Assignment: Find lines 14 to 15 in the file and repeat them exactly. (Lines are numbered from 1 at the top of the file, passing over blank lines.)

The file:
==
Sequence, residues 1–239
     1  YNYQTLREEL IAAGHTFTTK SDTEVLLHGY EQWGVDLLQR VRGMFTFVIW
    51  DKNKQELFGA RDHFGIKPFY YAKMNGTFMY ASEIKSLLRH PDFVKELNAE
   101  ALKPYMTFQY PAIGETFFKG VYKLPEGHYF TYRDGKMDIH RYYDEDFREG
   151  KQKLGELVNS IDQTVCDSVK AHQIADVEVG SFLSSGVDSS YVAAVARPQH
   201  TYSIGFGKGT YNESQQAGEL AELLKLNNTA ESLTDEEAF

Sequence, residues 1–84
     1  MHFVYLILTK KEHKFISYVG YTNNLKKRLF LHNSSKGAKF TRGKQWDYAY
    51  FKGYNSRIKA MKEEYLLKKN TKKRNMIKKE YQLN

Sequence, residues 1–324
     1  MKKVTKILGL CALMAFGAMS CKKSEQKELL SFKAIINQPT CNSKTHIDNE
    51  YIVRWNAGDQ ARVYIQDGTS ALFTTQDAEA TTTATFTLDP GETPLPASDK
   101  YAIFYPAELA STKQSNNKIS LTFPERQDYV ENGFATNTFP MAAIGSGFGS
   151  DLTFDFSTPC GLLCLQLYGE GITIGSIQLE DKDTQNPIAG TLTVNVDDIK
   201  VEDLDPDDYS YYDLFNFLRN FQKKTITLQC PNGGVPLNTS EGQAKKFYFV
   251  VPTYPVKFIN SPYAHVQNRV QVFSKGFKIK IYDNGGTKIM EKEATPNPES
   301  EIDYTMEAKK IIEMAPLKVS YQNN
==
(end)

   151  DLTFDFSTPC GLLCLQLYGE GITIGSIQLE DKDTQNPIAG TLTVNVDDIK
   201  VEDLDPDDYS YYDLFNFLRN FQKKTITLQC PNGGVPLNTS EGQAKKFYFV